From this it is clear that co-factors have an important regulatory function for metabolic pathways. These relationships have considerable significance against the background of uncontrolled intake of over-the-counter dietary supplements. If the balance is disturbed, either by a preponderance of non-optimal but also of optimal co-factors of an enzyme, then negative health consequences can occur.
We know this very well from Praxis , e.g. from the excessive supply of vitamin B6 (conversion of L-dopa to dopamine by L-aminodecarboxylase). Not only can overtreatment with vitamin B6 result in severe neurological disorders, but it also causes excessive metabolic activity, which in part is mediated by neurotransmitters and leads to inner restlessness, irritability, sleep disorders, sweating and circulatory problems.
Genes and epigenetic factors control the formation of enzymes
Enzymes, as proteins, are themselves formed by a single gene or several genes. Specific genes are located in the nucleus of a cell and are, as it were, pattern templates for the formation of enzymes.
Genes can be switched on and off in their function. The factors that cause this are, among others, "epigenetic factors". In simplified terms, epigenetics means "at the gene. Similar to the co-factors in enzymes, they thus have a regulating function.
Epigenetics is a relatively new field of science. In tumor research in particular, intensive research is being conducted here into epigenetic factors influencing both the formation and the treatment of tumor diseases.
In the regulation of the cardiovascular system by activating neurotransmitters, epigenetic influencing variables also play an important role. According to our experience in connection with systematic scientific findings, e.g. vitamin D and the sex hormones estrogen and testosterone have an importance to be emphasized here.
Vitamin D induces the formation of the enzyme tyrosine hydroxylase (conversion of tyrosine to L-dopa). Testosterone genetically induces increased formation of catechol-O-methytransferase (COMT) and monoaminooxidase (MAO), which in turn is associated with accelerated degradation of activating neurotransmitters. Estrogen, on the other hand, slows down the degradation of activating neurotransmitters via reduced synthesis of COMT and MAO.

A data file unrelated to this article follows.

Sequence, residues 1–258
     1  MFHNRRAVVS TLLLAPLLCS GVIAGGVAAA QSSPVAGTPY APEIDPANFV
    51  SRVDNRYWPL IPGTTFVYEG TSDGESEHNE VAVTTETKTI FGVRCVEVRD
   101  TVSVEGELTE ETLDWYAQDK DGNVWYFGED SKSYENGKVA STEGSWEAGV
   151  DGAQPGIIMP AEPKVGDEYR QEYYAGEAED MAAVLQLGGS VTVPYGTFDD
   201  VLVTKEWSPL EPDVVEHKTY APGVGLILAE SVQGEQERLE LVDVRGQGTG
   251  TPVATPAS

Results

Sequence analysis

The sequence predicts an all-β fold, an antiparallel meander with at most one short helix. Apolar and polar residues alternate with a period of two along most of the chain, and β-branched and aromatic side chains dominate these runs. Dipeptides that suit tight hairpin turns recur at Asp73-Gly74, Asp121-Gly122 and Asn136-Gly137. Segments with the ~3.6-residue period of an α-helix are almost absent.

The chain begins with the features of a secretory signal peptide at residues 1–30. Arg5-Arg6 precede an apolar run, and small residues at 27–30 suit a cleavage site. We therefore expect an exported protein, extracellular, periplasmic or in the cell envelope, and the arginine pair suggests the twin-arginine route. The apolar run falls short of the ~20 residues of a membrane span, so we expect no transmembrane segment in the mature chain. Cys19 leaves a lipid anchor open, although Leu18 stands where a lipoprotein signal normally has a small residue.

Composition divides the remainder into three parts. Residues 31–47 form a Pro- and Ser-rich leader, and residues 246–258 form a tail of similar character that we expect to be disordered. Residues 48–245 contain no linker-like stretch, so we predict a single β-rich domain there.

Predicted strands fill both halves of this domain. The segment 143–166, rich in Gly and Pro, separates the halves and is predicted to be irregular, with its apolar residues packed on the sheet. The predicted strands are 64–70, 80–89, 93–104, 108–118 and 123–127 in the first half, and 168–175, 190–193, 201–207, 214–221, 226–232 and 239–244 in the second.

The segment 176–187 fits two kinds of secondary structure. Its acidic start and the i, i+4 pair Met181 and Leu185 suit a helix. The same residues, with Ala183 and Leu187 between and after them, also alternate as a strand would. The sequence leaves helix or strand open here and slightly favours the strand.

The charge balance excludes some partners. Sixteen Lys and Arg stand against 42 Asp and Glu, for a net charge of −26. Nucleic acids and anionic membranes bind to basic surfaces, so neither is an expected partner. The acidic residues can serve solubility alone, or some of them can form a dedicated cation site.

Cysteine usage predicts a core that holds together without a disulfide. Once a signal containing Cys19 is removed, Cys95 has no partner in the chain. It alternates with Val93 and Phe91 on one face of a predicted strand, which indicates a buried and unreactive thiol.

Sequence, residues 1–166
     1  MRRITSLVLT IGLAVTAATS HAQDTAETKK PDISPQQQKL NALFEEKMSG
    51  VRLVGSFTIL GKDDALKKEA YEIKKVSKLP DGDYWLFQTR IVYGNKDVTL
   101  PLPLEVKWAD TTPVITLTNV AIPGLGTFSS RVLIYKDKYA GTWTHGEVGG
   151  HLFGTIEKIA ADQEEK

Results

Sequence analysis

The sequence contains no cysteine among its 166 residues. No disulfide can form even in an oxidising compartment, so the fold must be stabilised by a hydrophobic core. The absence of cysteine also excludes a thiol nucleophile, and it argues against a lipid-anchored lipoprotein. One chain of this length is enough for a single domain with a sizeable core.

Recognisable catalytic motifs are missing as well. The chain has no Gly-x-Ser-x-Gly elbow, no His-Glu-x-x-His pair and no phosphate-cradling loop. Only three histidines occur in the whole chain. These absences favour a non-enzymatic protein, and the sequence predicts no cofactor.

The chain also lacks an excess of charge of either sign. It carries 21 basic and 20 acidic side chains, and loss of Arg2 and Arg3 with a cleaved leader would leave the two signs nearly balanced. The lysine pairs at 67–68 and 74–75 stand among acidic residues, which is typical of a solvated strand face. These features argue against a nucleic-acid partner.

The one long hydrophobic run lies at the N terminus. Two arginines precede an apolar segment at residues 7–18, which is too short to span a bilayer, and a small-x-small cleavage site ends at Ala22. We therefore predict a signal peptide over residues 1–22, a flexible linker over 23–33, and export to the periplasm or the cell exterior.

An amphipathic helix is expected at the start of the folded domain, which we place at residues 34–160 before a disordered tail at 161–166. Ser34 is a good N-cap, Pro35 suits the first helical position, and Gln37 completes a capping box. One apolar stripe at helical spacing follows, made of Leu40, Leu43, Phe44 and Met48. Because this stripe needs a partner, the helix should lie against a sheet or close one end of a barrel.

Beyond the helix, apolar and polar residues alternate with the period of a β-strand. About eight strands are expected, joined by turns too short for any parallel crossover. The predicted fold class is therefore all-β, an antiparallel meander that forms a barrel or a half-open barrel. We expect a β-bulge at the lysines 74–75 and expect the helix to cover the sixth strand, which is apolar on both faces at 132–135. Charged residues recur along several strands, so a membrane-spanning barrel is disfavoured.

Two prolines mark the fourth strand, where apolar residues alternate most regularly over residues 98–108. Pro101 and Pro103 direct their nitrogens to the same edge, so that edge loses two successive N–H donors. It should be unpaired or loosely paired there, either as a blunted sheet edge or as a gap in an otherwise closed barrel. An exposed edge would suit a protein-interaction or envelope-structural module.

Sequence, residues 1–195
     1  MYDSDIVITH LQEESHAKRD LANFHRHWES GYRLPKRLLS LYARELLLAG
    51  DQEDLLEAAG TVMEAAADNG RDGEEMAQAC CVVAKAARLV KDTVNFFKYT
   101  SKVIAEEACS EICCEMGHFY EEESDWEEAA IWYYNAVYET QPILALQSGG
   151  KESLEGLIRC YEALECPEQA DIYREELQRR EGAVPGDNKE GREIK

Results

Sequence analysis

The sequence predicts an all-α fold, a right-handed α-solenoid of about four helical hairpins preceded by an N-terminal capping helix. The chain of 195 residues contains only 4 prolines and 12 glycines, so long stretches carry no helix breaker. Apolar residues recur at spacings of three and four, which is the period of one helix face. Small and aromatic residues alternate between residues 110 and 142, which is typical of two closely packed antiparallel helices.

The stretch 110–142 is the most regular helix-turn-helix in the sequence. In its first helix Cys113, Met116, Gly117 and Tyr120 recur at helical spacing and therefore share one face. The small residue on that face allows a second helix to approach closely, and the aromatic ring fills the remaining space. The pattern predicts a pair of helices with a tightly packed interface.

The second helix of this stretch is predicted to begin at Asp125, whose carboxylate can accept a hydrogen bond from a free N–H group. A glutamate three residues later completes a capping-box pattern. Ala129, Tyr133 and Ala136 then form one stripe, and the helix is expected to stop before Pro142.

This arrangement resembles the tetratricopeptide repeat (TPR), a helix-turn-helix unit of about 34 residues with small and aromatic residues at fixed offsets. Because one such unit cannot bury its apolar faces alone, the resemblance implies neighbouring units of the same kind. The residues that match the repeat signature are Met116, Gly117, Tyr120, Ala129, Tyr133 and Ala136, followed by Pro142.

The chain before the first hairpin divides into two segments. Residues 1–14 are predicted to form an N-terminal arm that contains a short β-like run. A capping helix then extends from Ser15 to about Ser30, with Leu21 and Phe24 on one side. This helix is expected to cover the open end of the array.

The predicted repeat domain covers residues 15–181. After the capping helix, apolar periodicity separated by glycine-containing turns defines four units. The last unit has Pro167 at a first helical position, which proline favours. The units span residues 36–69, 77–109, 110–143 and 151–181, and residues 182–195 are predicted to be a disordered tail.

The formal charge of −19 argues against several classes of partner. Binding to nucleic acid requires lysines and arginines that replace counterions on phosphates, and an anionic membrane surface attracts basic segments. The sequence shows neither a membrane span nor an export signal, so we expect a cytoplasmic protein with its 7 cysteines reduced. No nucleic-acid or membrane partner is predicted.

You can certainly imagine that these connections have a powerful significance not only for your emotionally controlled behavior, but also for the regulation of the cardiovascular system.
Neurotransmitter signal strength
Once the activating neurotransmitters have been formed, they are released by a signal in the nerve from the transmitter cell into the intercellular space, the so-called synaptic cleft, to transmit the signal to a receiver cell. At the receiver cell, receptors are located in the cell membrane to which the neurotransmitters dock. The receptors then activate further signaling pathways within the target cell.
Several factors are important for the signal strength and whether a signal transmission occurs at all:
- Signal-sending nerves
- Signal receiving nerves
- Specific receptors for neurotransmitters
A signal by a signal-sending nerve always involves the release of several neurotransmitters. First of all, the presence of signal-receiving nerves plays a role for the emergence of a signal: no signal transmission without a receiver.
Since whole bundles of nerves are usually responsible for the formation or transmission of a certain signal quality, the numerical ratio of transmitting and receiving nerves also plays a role, whereby several transmitters can also dock with one receiver
Furthermore, the quantitative ratio of neurotransmitters to their specific receptors is also important. For example, despite numerous neurotransmitters in the synaptic cleft, a signal cannot be transmitted if there are few or no receptors on the signal-receiving side.